The original incarnation of the Hewlett-Packard Company, commonly shortened to Hewlett-Packard (/ˈhjuːlɪt ˈpækərd/ HYEW-lit PAK-ərd) or HP, was an American multinational information technology company headquartered in Palo Alto, California. HP developed and provided a wide variety of hardware components, as well as software and related services to consumers, small and medium-sized businesses (SMBs), and large enterprises, including customers in the government, health, and education sectors. The company was founded in a one-car garage in Palo Alto by Bill Hewlett and David Packard in 1939, and initially produced a line of electronic test and measurement equipment. The HP Garage at 367 Addison Avenue is now designated an official California Historical Landmark, and is marked with a plaque calling it the "Birthplace of 'Silicon Valley'".
|NYSE: HPQ (2002–2015)|
|Founded||July 2, 1939|
|Defunct||November 1, 2015 (main company). Now operating as HP Inc.|
|Fate||Corporate split; PC and printer business renamed as HP Inc.; server, storage, and networking business spun off into Hewlett Packard Enterprise|
|Products||List of Hewlett-Packard products|
|Revenue||2,000,000,000 United States dollar (2015)|
|Subsidiaries||List of subsidiaries|
The company won its first big contract in 1938 to provide the HP 200A, a low distortion frequency oscillator  for Walt Disney's production of the animated film Fantasia, which allowed Hewlett and Packard to formally establish the Hewlett-Packard Company on July 2, 1939. The company grew into a multinational corporation widely respected for its products. HP was the world's leading PC manufacturer from 2007 until the second quarter of 2013, when Lenovo moved ahead of HP. HP specialized in developing and manufacturing computing, data storage, and networking hardware; designing software; and delivering services. Major product lines included personal computing devices, enterprise and industry standard servers, related storage devices, networking products, software, and a range of printers and other imaging products. The company directly marketed its products to households; small- to medium-sized businesses and enterprises, as well as via online distribution; consumer-electronics and office-supply retailers; software partners; and major technology vendors. It also offered services and a consulting business for its products and partner products.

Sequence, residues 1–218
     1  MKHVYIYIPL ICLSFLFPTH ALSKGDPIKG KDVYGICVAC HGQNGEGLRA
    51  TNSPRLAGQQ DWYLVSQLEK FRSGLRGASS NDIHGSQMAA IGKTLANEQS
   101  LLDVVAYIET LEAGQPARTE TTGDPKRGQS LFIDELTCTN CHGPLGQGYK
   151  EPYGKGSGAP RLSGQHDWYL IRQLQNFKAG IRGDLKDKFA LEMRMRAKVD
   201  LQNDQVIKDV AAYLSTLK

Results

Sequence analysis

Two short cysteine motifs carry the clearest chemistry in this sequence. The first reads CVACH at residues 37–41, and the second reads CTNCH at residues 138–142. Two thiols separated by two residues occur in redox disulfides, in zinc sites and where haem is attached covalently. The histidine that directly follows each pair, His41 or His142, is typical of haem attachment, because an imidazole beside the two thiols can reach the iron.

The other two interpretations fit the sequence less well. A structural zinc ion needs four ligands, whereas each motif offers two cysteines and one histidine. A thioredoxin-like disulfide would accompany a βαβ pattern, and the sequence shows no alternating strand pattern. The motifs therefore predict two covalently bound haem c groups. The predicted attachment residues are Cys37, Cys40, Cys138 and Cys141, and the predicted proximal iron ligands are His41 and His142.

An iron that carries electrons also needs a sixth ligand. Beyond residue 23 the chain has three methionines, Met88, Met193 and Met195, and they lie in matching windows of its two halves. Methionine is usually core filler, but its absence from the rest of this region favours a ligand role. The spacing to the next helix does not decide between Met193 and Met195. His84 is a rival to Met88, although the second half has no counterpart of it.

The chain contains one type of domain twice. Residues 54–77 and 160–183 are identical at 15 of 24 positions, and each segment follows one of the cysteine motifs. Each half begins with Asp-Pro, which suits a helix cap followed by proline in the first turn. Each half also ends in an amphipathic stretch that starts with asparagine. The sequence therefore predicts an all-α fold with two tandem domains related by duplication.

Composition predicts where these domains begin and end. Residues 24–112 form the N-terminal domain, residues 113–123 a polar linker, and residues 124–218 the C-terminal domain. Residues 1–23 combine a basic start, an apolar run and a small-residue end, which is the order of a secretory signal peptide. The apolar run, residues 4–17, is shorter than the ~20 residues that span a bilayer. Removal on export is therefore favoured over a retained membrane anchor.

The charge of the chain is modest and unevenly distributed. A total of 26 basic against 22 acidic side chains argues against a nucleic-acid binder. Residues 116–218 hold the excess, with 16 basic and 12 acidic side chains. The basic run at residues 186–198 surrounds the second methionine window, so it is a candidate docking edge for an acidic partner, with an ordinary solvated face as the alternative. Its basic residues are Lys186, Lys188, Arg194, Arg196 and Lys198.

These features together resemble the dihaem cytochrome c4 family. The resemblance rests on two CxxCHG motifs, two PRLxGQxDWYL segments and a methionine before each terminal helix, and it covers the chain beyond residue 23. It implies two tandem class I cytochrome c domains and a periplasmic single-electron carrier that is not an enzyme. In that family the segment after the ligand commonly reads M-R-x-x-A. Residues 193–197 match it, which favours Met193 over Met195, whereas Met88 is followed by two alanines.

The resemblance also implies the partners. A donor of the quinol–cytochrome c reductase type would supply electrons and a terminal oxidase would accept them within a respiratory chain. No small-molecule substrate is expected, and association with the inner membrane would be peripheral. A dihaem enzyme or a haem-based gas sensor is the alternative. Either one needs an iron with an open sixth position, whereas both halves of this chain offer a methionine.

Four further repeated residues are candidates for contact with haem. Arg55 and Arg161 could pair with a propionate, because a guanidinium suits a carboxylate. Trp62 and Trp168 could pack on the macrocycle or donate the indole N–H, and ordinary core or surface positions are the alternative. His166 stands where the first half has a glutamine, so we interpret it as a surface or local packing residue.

In 1999, HP spun off its electronic and bio-analytical test and measurement instruments business into Agilent Technologies; HP retained focus on its later products, including computers and printers. It merged with Compaq in 2002, and acquired Electronic Data Systems in 2008, which led to combined revenues of $118.4 billion that year and a Fortune 500 ranking of 9 in 2009. In November 2009, HP announced its acquisition of 3Com, and closed the deal on April 12, 2010. On April 28, 2010, HP announced its buyout of Palm, Inc. for $1.2 billion. On September 2, 2010, HP won its bidding war for 3PAR with a $33 a share offer ($2.07 billion), which Dell declined to match.
On November 1, 2015, the company spun off its enterprise products and services business Hewlett Packard Enterprise. HP retained the personal computer and printer businesses and was renamed HP Inc.